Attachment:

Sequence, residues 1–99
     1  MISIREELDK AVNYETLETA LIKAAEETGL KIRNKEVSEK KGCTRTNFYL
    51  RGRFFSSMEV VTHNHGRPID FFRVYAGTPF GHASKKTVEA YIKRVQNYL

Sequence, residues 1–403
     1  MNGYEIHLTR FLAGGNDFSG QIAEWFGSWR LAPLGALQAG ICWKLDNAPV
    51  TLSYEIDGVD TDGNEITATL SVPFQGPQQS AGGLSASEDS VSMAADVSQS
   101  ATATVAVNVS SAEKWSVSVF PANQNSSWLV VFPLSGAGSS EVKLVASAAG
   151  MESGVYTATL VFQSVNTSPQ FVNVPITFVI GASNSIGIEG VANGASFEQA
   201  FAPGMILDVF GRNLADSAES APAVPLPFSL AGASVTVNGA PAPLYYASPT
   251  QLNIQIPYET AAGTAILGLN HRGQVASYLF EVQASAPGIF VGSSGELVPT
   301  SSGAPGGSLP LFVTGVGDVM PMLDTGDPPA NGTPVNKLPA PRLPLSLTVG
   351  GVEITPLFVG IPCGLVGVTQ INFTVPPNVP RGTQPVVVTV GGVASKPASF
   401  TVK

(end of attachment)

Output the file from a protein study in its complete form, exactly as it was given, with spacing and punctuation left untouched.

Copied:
Sequence, residues 1–99
     1  MISIREELDK AVNYETLETA LIKAAEETGL KIRNKEVSEK KGCTRTNFYL
    51  RGRFFSSMEV VTHNHGRPID FFRVYAGTPF GHASKKTVEA YIKRVQNYL

Sequence, residues 1–403
     1  MNGYEIHLTR FLAGGNDFSG QIAEWFGSWR LAPLGALQAG ICWKLDNAPV
    51  TLSYEIDGVD TDGNEITATL SVPFQGPQQS AGGLSASEDS VSMAADVSQS
   101  ATATVAVNVS SAEKWSVSVF PANQNSSWLV VFPLSGAGSS EVKLVASAAG
   151  MESGVYTATL VFQSVNTSPQ FVNVPITFVI GASNSIGIEG VANGASFEQA
   201  FAPGMILDVF GRNLADSAES APAVPLPFSL AGASVTVNGA PAPLYYASPT
   251  QLNIQIPYET AAGTAILGLN HRGQVASYLF EVQASAPGIF VGSSGELVPT
   301  SSGAPGGSLP LFVTGVGDVM PMLDTGDPPA NGTPVNKLPA PRLPLSLTVG
   351  GVEITPLFVG IPCGLVGVTQ INFTVPPNVP RGTQPVVVTV GGVASKPASF
   401  TVK